AnimationU: Inspiring the New-Wave of For-Profit Game Designers

AnimationU: Inspiring the New-Wave of For-Profit Game Designers

Sitting back in our local air-conditioned movie theater, on a sweltering hot summer day watching Andrew Garfield scale a sky-scraper in 3D, we are reminded of a recent graduate fast-forwarding from the world of for-profit animation education to the emergent career field of game design.

For those old enough to remember Spiderman’s pre-cable TV debut, this summer’s Amazing Spiderman 4 reminds us how technology has evolved. As allied industries, gaming and animation grew up together. Spiderman cut his teeth on Atari, and carried a Game-Boy to Middle School. Today, PlayStation, Xbox, and Wii still rule in college dorm rooms.  Contrary to popular misconceptions created by recent television exposés on for-profit art education, these for-profit academic institutions are connecting graduates with gainful employment and making tuition ends meet.

Beyond screen technology, the modern evolution of videogames has profoundly changed the way students engage in learning.  This year’s crop of for-profit art school graduates are learning cutting-edge media arts technologies. Leading game design and media arts schools have revolutionized the way the entertainment industry creates cinematic productions.  Through their participation on program advisory boards, leading game service providers have forever changed career preparation expectations of art and design schools.

Founded in 2007, Zynga has become a world-class, interactive, social media enterprise which cultivates interdisciplinary teams of smart-collar workers where artistic talent, business acumen, and programming prowess come together to stimulate creative game design. With a global workforce of 2,500, Zynga’s games entertain 240 million monthly users. Social media gaming providers like Zynga are uniquely positioned to optimize and inspire the next generation of animation artists who will set the standard for future art and design graduates.

We begin this month’s virtual art and design school tour in Brookline, Massachusetts where faculty at the New England Institute of Art (NEiA) deploy their real-world experience to create a learning environment that simulates the fast changing gaming and animation industry environment graduates will enter in 2013. Impressively, NEiA alumni earn competitive jobs at today’s hottest game companies such as Seven45 Studios, Turbine, Inc, Irrational Games, Rampid Gaming, What if Productions, Creat Studios, Tilted Mill, Public VR, Blue Fang Games, Jawbreaker Interactive, Weta Digital, Sputnik Animation, LaunchPad Media, Powerhouse Animation Studios, Neoscape, ImaginEngine, Soup 2 Nuts, 360 Kid, Fable Vision, and Clambake. Professor Jason Donati, Chair of Web Design and Interactive Media Department at NEiA, said it simply, “The best programs strike a balance between art and technology. Amazing artists need to know how to hit the ground running with technology.”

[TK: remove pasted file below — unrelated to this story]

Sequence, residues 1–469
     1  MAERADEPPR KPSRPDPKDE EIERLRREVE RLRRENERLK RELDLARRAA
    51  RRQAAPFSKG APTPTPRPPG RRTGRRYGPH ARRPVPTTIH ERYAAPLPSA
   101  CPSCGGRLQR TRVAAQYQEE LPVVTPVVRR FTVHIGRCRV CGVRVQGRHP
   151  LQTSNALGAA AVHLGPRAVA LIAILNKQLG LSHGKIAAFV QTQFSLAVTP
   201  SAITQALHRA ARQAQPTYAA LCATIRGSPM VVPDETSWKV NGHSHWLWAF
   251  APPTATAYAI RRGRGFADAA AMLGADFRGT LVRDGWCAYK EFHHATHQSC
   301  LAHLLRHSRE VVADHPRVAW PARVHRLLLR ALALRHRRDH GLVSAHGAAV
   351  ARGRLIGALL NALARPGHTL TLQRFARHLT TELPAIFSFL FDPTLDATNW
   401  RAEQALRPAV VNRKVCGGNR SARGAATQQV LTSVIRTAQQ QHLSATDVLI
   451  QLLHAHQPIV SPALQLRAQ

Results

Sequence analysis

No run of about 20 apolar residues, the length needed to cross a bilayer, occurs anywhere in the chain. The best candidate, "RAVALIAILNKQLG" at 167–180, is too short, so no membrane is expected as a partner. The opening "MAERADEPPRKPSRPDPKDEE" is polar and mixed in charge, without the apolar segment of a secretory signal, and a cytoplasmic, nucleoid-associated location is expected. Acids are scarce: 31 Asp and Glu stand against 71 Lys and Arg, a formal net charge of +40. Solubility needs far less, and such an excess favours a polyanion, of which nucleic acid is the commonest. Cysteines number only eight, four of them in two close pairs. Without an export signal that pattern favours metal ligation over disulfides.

Moving westward, we arrive at the Media Institute in Madison, Wisconsin, where Eric Weiss, Department Chair of Game Art and Animation, and Mobile Application Development put it this way: “Understanding how your work product fits into the larger machine of the game studio is critical. Most game studios are like complex manufacturing plants, similar to an automobile factory. There are dozens of assemblies, further broken down into sub-assemblies and constructed using a small army of technically astute line workers.  However, in addition to the rigorous technical excellence that is required in an automotive assembly line, in the game industry, the creative quality of the art itself is critical. Often, it is the artist’s ability to use reference and research to match other works, real or imagined that differentiates the best artists from those who are merely adequate.”

Named the top gaming school by Electronic Gaming Monthly, Full Sail offers an online Master’s Degree in Game Design which provides interdisciplinary learning perspectives in production methodologies, project management, and team leadership. At Full Sail, all learning takes place in a professional studio, and students are trained to become the next generation of industry executives. Significantly, Full Sail alumni have worked on major games like Modern Warfare 3 and Red Dead Redemption.

At the close of our virtual tour, we learned to ask new questions about core gaming and animation skills, knowledge, and competencies. Future game designers will be expected to work harmoniously with other members of multimedia teams and apply integrative problem-solving patterns to land that first job. Beyond technical skills, students must develop critical thinking, decision making, and team-building leadership. For-profit art and multimedia design schools offer interesting growth-oriented models for how to prepare students to think beyond traditional design concepts and imagine a multi-dimensional world. For students who want to emerge from college ready to earn, contemporary animation and gaming schools like New England Institute of Art, Madison Media Institute and Full Sail offer a winning combination of academic credentials and job market readiness.


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